The kids are al­right

The lives of teen es­port play­ers

Hyper - - FEATURE - James O’Con­nor seeks the foun­tain of youth

Kim "Ge­guri" Se-yeon is con­sid­ered the world’s best Zarya player in Over­watch. She’s the first fe­male player signed to an APEX team, has a win rate of 80%, and en­dured a scan­dal dur­ing the Nexus Cup qual­i­fier where she was so good she was ac­cused of cheat­ing (she wasn’t). Ge­guri is also 17 years old. Young peo­ple have bet­ter re­ac­tions – stud­ies sug­gest that re­flexes start to de­te­ri­o­rate at just 24 – and are preva­lent within the var­i­ous FPS es­ports scenes. In the same way that your high school’s best footy player was later signed to the Crows, the kids who are mas­ter­ing head­shots now have rea­son to think about how this might im­pact their fu­ture.


Ley­ton Gilchrist, 15, is ex­cited about his Over­watch team DarkSided’s im­pend­ing first spon­sor­ship deal. He mains off-tank (“the tanks that can also do dam­age and pro­tect team”) for one of the top four teams in Aus­tralia, and has been tak­ing FPS games se­ri­ously since he was 12 years old, when he got very into Halo. “One of my friends showed me CS:GO on his com­puter about a year later and I in­stantly fell in love with the com­pet­i­tive na­ture of the game”, he says. “I bought a com­puter and played the game heaps. When there was a ma­jor tour­na­ment on, I tuned in to watch the best peo­ple in the world play the game. It was amaz­ing: the crowd cheer­ing, the com­men­ta­tors re­ally get­ting into it, and the at­mos­phere was like noth­ing else.”

It took six months of play­ing Over­watch for Gilchrist to con­sider that he could “make some­thing out of gam­ing”. Right now, he plays the game 4-5 nights a week, which he does around his school­work by stick­ing to a regime. “My av­er­age day con­sists of me go­ing to school, then 4-6pm I do my home­work, and 7-10pm I play Over­watch and prac­tice with my team”, he says. “Some­times I can feel busy and I may need some ex­tra time to do my work; usu­ally my team is flex­i­ble and can work around that”. He takes Fri­days and Satur­days off, usu­ally, to main­tain his so­cial life and avoid burnout. Although Over­watch is a ma­jor part of his life, he’s learned to com­part­men­talise it: “I usu­ally don’t talk about games and Over­watch with my mates. I feel like school is a good time to sep­a­rate the gam­ing and just chill with them.”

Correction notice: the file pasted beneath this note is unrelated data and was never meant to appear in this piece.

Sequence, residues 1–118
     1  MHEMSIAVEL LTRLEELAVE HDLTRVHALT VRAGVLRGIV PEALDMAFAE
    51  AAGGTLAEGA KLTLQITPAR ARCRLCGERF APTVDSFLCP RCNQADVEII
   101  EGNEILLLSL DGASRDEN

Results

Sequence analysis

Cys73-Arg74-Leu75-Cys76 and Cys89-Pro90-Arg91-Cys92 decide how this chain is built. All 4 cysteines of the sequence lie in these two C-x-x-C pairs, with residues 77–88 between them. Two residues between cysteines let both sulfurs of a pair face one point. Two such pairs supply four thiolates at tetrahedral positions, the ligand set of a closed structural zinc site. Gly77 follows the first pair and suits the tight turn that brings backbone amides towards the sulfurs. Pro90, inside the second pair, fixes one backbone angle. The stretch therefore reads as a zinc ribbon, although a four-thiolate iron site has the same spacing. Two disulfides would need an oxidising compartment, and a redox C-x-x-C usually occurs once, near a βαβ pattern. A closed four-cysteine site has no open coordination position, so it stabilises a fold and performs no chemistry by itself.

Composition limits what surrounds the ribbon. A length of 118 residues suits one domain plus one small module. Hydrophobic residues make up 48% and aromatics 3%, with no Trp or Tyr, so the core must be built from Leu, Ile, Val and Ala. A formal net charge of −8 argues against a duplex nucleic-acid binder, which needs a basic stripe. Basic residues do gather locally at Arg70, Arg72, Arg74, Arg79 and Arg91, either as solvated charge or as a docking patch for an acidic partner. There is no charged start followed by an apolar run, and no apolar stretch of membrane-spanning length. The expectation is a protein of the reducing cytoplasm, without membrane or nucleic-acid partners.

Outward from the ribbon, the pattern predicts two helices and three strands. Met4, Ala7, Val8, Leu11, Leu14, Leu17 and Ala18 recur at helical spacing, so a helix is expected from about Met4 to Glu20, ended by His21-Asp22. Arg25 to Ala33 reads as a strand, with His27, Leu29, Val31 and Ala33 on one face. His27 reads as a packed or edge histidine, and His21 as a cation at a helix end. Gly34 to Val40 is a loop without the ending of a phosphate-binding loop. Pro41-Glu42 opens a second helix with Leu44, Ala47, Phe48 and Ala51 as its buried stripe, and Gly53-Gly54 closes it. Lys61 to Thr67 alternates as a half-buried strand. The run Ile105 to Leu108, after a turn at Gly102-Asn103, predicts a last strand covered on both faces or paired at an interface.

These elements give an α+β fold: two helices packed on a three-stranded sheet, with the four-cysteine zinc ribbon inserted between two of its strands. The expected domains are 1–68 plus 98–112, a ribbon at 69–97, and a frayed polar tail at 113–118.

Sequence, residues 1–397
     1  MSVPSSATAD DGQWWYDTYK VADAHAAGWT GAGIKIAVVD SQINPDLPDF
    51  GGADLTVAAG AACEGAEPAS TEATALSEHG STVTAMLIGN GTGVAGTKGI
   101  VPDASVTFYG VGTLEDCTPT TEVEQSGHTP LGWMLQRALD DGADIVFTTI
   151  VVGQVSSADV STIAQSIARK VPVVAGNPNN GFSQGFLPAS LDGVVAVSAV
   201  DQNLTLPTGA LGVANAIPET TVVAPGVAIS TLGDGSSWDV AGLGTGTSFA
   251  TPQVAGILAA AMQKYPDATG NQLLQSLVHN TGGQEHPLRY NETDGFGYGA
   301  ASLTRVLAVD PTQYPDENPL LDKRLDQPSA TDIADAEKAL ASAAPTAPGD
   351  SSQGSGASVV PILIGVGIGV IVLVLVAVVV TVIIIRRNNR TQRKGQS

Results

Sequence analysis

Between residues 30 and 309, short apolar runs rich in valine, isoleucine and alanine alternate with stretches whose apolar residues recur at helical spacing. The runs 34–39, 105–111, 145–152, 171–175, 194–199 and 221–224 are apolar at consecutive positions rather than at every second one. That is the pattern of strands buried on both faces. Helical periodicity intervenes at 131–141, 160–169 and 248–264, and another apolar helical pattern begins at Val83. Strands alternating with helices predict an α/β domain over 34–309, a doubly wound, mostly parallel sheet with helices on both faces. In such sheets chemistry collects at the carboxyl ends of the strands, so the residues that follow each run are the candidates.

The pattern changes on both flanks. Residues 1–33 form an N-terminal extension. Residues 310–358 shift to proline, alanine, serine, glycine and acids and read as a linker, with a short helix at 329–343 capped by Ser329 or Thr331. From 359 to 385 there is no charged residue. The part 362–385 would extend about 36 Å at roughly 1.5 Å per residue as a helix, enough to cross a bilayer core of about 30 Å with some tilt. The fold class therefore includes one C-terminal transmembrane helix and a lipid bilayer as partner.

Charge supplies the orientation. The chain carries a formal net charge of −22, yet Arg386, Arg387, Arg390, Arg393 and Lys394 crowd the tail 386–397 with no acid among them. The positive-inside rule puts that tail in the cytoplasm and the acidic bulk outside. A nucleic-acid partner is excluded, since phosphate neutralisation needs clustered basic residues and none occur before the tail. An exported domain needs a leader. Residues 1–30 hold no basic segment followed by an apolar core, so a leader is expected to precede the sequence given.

De­spite Gilchrist’s suc­cess, the in­fra­struc­ture does not ex­ist yet to profit from Over­watch at his level. “There haven’t been many com­pe­ti­tions or tour­na­ments lately”, he says. “There have been some an­nounced that are com­ing within the next few months that I’m ex­cited to par­tic­i­pate in and hope­fully win.” While Gilchrist’s “ideal fu­ture” would be to play games pro­fes­sion­ally, he knows that it’s im­por­tant to fo­cus on his ed­u­ca­tion too, and to not rely on Over­watch. “If Over­watch gets big enough I might take a ‘gap year’ play­ing games; how­ever, it’s pretty un­cer­tain right now. Who knows what the in­dus­try holds in the fu­ture.”


Pal­adins has been big with younger play­ers for a sim­ple rea­son – it’s free to play. This makes it more ac­ces­si­ble to gamers with low dis­pos­able in­comes, in­clud­ing teenagers. This was the case for Munadi, who plays as xParagon, and is cur­rently on the team ‘Kings’, ranked 4th in the Pal­adins Pro League. He’s 14, and usu­ally plays the game on his lap­top. “It’s very hard – the screen is small, and I have low frames”, he says. “I live in a fam­ily of five, with two sib­lings, and they’re con­stantly us­ing the wifi. I usu­ally play with high ping and low frames per sec­ond.”

I spoke to him mo­ments af­ter his team had com­peted against Kanga Es­ports at the Road to Dreamhack Va­len­cia Grand Fi­nal (Kings lost, but were ex­cited to have taken a set against Kanga). For Munadi, play­ing with pro­fes­sional equip­ment made a huge dif­fer­ence. “It’s so much eas­ier to hit shots. If I shoot my pro­jec­tile, it’ll ac­tu­ally go for­ward and not to the right. Be­cause of that my skills have sky­rock­eted. I’ve done so many things I could never have done on my lap­top. It’s like I’ve en­tered a whole new di­men­sion.”

Munadi, who lives in New Zealand, had just met most of his team for the first time. “When they got to the AirBNB and came in… I looked at their heights and my heart dropped”, he said. “These guys are pretty tall, and I’m pretty small. I think Mr Flexi is dou­ble my age. But it’s been fine. I’ve re­ally got­ten along with them.” Right now, Munadi is try­ing to save up for bet­ter equip­ment so he can play at home as well as he had at the tour­na­ment. “I re­ally like this game, and I’d give up ev­ery­thing just to make this my job”, he says. “That’s the dream.”